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E. IV.8. Guatemala 1954-96

The population enjoyed 10 years of democratic rule from the civil resistance of 1944 to the CIA-backed overthrow of President Arbenz in 1954. After the coup human rights and popular protest came under savage attack. The repression was highlighted by the 1992 award of the Nobel Peace Prize to Rigoberta Menchu, the indigenous woman involved in the struggles of the Peasant Union against the genocidal policies towards the indigenous Mayan people.

There was prolonged guerrilla warfare from 1962 to 1996, in which several different groups took part, and the US backed the right wing commanders of the armed forces. This bitter conflict resulted in over 200,000 deaths. It is estimated that 93 per cent of the atrocities committed were by the security forces. Since 1996 there have been multi-party elections, but the military remain powerful.

Brockett, Charles D., Political Movements and Violence in Central America, Cambridge MA, Cambridge University Press, 2005, pp. 404

Analyses the confrontation between popular movements – urban and rural – and repressive regimes, especially in Guatemala and El Salvador, in particular discussing the ‘repression-protest paradox’.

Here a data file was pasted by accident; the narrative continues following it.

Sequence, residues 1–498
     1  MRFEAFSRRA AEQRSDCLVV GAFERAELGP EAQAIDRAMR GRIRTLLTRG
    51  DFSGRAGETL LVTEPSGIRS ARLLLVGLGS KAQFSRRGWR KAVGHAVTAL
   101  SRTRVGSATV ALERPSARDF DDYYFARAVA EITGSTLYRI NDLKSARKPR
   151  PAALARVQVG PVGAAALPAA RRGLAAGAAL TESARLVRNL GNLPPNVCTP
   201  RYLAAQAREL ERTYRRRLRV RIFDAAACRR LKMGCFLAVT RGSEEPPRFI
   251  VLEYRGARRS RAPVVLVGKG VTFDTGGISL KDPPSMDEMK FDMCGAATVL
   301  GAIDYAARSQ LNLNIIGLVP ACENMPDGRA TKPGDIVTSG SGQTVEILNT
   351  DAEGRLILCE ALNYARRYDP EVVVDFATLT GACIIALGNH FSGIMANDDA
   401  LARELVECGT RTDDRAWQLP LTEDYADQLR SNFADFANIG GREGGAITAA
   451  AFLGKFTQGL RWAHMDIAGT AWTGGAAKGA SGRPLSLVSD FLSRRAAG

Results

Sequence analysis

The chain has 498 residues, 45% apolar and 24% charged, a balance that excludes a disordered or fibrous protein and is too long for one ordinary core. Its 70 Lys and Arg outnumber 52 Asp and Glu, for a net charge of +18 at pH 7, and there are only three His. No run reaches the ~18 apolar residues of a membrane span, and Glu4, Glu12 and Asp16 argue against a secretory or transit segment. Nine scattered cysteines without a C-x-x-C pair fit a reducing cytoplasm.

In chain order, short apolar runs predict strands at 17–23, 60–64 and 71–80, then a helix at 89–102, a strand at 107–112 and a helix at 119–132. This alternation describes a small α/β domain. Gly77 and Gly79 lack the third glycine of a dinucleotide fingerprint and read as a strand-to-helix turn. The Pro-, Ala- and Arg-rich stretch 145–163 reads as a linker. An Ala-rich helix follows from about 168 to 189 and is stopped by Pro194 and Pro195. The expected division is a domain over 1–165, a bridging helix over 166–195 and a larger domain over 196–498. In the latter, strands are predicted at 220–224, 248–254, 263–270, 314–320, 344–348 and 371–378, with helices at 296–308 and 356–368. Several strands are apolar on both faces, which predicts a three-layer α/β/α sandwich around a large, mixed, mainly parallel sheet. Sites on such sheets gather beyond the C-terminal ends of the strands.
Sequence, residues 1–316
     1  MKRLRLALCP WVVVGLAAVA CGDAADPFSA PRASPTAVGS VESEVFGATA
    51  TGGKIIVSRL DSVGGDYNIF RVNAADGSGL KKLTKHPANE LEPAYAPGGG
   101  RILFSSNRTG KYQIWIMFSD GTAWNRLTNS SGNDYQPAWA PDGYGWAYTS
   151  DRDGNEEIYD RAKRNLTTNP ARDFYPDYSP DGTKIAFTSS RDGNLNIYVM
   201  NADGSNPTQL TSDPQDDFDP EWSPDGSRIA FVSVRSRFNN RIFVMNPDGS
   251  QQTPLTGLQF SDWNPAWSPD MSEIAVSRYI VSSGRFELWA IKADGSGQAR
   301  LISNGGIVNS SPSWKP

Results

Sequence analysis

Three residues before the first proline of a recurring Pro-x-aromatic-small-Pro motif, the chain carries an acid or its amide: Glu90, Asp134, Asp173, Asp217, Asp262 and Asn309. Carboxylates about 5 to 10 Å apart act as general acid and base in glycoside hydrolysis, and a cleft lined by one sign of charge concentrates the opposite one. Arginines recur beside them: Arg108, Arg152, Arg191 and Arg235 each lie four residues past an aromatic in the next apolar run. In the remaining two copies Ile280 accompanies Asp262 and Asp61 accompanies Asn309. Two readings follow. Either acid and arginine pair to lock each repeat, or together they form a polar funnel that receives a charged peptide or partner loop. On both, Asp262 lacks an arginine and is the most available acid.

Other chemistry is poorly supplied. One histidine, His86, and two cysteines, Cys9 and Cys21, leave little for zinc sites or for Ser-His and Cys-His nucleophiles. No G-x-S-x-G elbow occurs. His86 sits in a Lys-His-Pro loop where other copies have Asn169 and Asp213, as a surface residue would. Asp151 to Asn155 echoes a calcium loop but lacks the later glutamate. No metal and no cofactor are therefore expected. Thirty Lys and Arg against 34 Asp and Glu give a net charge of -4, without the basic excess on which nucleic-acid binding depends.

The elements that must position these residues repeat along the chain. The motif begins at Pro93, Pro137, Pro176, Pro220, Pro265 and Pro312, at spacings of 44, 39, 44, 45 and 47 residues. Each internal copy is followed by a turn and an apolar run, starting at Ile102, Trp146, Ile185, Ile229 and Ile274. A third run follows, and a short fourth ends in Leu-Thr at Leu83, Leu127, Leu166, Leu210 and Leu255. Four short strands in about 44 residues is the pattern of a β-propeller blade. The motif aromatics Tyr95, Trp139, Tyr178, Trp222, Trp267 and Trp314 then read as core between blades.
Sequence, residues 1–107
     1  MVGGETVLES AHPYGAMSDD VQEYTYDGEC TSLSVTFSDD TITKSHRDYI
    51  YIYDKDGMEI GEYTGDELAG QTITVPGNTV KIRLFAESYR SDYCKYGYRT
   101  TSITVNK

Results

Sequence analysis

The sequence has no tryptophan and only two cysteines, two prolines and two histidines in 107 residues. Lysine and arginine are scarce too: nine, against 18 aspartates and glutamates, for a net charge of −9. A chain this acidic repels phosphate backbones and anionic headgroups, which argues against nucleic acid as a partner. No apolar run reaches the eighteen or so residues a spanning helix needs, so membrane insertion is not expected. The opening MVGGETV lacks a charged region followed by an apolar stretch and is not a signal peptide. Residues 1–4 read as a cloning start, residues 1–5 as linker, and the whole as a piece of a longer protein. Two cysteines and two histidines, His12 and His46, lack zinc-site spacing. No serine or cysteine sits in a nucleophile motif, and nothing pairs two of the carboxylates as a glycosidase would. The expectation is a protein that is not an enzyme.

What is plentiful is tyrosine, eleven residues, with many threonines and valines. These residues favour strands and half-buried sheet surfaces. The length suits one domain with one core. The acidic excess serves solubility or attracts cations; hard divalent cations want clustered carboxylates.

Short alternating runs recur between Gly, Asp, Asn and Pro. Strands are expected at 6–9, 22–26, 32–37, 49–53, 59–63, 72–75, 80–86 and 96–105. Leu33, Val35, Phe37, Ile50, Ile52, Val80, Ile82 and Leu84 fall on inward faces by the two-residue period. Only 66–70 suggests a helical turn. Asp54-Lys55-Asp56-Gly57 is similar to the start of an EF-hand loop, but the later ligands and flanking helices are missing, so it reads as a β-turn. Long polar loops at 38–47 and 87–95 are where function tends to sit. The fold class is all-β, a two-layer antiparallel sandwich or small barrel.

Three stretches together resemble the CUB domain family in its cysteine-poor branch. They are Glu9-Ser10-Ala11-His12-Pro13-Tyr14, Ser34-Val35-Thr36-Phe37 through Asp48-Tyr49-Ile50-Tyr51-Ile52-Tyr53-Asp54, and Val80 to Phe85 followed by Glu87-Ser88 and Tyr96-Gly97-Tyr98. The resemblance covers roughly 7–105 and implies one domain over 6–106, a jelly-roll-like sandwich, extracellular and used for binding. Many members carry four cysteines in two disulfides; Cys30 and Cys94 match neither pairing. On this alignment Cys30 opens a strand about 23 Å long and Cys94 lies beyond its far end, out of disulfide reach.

Ecumenical Program on Central America (EPICA), ; Center for Human Rights Legal Action (CHRLA), Out of the Shadows: The Communities of Population in Resistance in Guatemala, Washington DC, EPICA and CHRLA, 1993

Levenson-Estrada, Deborah, Trade Unionists against Terror: Guatemala City, 1954–1985, Chapel Hill, University of North Carolina Press, 1994, pp. 288

Includes account of 1984 workers’ occupation of Coca-Cola factory.

May, Rachel A., ”Surviving All Changes is Your Destiny”: Violence and Popular Movements in Guatemala, Latin American Perspectives, Vol. 26, issue 2, 1999, pp. 68-91

Examines the impact of violence on popular movements and how they adapted.

Menchu, Rigoberta, I Rigoberta Menchu: An Indian Woman in Guatemala, edited and introduced by Elisabeth Burgos-Debray, London, Verso, 1984, pp. 252

North, Liisa I. ; Simmons, Alan B., Journeys of Fear: Refugee Return and National Transformation in Guatemala, Montreal, McGill-Queen's University Press, 2000, pp. 352

Just as the massive exodus of Guatemalans, mainly indigenous people, in the early 1980s was externally the most visible symptom of the terror that had befallen the country, so their organized return put into focus the need for and hopes of a transformation affecting land, gender, identity, and rights. Also includes Barry Levitt ‘Theorizing Accompaniment’, pp. 237-54.

Stanfield, Pablo, When Spring turns to Winter, In McManus; Schlabach, Relentless Persistence: Nonviolent Action in Latin America (E. IV.1. General and Comparative Studies), Philadelphia PA, New Society Publishers, pp. 14-32

Covers earlier post-war period.

See also:

Liam Mahony; Luis Enrique Eguren, Unarmed Bodyguards: International Accompaniment for the Protection of Human Rights, (A. 5. Nonviolent Intervention and Accompaniment), discusses international accompaniment in Guatemala, especially of returning refugees in 1989.